But in consideration of the more senior senators, Marcos said it will depend on the decision of Senator Joel Villanueva who currently chairs the Social Welfare Committee if he would give up the chairmanship.
Nevertheless, the senator-elect said she is still okay with the Senate Committee on Local Government as it also fits her credentials having years of experience in local governance.
Despite the controversies thrown against her and her family, Marcos ranked eight in the 2019 senatorial race with over 15,800,000 votes.
When the 18th Congress begins, Senator-elect Marcos said she would prioritize measures on lowering poverty incidence in the country, land reform, and peace and order or the anti-terror bill among others.
“Land reform agad-agad. Iyong wala nang utang utang (kundi) ibigay na ang lupa. Hahanap tayo ng Sistema dyan,) she noted.
Marcos also wants to amend the Pantawid Pamilyang Pilipino Program (4Ps) and push for more Cash-for-Work programs instead of the ‘dole-out’ scheme.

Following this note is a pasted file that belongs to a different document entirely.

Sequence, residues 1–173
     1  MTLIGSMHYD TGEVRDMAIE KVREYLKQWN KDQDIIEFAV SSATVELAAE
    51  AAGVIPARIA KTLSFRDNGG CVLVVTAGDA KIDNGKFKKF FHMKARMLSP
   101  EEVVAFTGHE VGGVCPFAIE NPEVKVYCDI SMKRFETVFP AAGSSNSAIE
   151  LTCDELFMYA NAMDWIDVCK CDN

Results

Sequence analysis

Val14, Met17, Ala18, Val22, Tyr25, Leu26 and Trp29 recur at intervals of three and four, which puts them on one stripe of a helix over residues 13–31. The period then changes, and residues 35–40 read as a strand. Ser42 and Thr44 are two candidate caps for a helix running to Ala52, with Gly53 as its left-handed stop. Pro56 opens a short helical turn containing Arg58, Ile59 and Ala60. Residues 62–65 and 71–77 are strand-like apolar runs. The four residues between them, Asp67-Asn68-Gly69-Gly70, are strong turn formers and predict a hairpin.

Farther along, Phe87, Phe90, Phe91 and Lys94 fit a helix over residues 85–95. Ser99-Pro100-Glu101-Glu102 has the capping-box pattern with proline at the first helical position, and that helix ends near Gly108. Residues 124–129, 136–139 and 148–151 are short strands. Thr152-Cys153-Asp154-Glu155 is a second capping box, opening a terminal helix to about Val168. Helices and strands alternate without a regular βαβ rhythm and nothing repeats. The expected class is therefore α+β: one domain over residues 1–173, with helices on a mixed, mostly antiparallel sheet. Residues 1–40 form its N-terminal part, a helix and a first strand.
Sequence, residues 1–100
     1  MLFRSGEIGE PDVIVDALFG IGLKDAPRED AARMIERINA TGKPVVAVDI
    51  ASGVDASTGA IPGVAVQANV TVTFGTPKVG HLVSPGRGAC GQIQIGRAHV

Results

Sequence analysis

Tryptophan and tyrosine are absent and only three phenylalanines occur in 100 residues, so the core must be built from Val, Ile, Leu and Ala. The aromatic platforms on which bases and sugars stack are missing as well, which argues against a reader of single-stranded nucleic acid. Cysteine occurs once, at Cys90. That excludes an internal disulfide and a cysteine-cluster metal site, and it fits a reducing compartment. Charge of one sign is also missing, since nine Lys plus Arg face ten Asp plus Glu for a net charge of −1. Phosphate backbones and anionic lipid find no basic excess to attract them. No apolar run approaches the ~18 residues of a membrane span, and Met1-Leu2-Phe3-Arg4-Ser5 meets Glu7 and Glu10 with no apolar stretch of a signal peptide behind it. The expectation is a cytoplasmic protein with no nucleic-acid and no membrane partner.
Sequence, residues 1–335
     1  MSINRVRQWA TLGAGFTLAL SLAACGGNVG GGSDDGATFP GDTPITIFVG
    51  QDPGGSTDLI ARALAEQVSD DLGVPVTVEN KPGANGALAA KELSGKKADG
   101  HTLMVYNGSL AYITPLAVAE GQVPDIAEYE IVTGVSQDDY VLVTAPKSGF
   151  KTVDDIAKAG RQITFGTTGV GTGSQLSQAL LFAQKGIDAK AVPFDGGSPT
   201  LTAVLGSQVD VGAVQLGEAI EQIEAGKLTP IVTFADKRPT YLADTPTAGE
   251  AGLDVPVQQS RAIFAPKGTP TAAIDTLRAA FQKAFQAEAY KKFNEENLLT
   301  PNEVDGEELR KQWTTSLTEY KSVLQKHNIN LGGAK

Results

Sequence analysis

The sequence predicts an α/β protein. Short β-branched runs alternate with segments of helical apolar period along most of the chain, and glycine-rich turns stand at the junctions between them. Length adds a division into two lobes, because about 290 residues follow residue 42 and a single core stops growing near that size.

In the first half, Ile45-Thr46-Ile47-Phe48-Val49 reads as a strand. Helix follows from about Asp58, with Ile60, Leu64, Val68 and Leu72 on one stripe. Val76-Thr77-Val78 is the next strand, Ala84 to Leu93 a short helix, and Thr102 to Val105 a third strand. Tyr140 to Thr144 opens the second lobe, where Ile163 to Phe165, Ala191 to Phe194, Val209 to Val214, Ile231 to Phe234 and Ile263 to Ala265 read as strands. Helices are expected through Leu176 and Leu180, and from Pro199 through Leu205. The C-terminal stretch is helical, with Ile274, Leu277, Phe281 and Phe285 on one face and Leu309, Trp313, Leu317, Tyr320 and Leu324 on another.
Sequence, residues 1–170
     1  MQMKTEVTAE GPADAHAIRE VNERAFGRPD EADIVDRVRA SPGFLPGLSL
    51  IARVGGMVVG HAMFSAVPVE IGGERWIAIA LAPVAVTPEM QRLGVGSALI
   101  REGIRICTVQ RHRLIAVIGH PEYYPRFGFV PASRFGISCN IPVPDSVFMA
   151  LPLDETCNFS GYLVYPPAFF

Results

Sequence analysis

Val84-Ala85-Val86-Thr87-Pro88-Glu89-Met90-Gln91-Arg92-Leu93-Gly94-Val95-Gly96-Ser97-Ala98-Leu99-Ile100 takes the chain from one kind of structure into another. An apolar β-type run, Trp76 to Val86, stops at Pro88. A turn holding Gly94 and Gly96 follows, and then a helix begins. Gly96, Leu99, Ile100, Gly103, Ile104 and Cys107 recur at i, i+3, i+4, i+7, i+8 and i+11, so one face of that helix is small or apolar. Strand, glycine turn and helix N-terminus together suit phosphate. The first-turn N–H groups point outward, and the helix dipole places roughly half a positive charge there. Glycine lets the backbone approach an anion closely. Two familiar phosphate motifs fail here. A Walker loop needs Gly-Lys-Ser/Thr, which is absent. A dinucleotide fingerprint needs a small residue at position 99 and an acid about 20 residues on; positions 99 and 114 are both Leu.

She said she supports the establishment of a Department of Water to address the country’s water problem as well as measures for agricultural development and lowering the price of basic commodities.
She also wants to amend the current Solo Parent Law and push for more benefits for single parents.
“Dahil walang masaydong benepisyo ang mga nanay na mag-isa. Mahirap kasi. It’s hard to bring up kids by yourself,” she explained.
Marcos admitted she is against the Reserve Officer Training Course (ROTC), a preference contrary to the Duterte administration.
She would support, however, measures that would establish a mandatory citizenship service instead of mandatory military service.
“Citizenship training na hindi pinipilit na maging military dahil hindi po pwedeng pilitin ang tao na maging sundalo,” she explained.
“I can bring another perspective to the issue. Hindi pwedeng pilitin ang bata (na maging sundalo) pero iyong citizenship ng isang Pilipino, iyong pagiging makabayan, iyon kailangan at agree ako na gawing mandatory iyon,” she added.